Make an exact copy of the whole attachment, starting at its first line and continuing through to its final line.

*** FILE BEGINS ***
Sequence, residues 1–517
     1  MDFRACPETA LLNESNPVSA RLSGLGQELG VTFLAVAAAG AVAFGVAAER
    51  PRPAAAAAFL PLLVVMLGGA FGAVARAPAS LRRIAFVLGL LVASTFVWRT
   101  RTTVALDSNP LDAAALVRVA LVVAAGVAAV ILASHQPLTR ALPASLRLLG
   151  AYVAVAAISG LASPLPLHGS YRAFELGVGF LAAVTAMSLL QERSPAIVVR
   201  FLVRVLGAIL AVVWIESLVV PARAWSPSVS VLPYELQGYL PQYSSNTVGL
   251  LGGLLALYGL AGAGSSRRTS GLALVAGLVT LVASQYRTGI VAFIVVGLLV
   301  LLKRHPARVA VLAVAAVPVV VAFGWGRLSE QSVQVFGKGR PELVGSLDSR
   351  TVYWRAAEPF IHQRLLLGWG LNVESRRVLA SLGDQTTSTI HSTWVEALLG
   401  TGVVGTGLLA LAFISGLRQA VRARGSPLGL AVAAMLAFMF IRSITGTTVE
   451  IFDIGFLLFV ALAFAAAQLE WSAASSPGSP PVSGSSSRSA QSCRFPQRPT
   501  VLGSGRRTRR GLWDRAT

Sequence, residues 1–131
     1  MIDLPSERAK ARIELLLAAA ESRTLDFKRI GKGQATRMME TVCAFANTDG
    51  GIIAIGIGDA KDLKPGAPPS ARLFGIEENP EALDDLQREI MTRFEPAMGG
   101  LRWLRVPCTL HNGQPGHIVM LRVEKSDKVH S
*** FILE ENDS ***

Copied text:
Sequence, residues 1–517
     1  MDFRACPETA LLNESNPVSA RLSGLGQELG VTFLAVAAAG AVAFGVAAER
    51  PRPAAAAAFL PLLVVMLGGA FGAVARAPAS LRRIAFVLGL LVASTFVWRT
   101  RTTVALDSNP LDAAALVRVA LVVAAGVAAV ILASHQPLTR ALPASLRLLG
   151  AYVAVAAISG LASPLPLHGS YRAFELGVGF LAAVTAMSLL QERSPAIVVR
   201  FLVRVLGAIL AVVWIESLVV PARAWSPSVS VLPYELQGYL PQYSSNTVGL
   251  LGGLLALYGL AGAGSSRRTS GLALVAGLVT LVASQYRTGI VAFIVVGLLV
   301  LLKRHPARVA VLAVAAVPVV VAFGWGRLSE QSVQVFGKGR PELVGSLDSR
   351  TVYWRAAEPF IHQRLLLGWG LNVESRRVLA SLGDQTTSTI HSTWVEALLG
   401  TGVVGTGLLA LAFISGLRQA VRARGSPLGL AVAAMLAFMF IRSITGTTVE
   451  IFDIGFLLFV ALAFAAAQLE WSAASSPGSP PVSGSSSRSA QSCRFPQRPT
   501  VLGSGRRTRR GLWDRAT

Sequence, residues 1–131
     1  MIDLPSERAK ARIELLLAAA ESRTLDFKRI GKGQATRMME TVCAFANTDG
    51  GIIAIGIGDA KDLKPGAPPS ARLFGIEENP EALDDLQREI MTRFEPAMGG
   101  LRWLRVPCTL HNGQPGHIVM LRVEKSDKVH S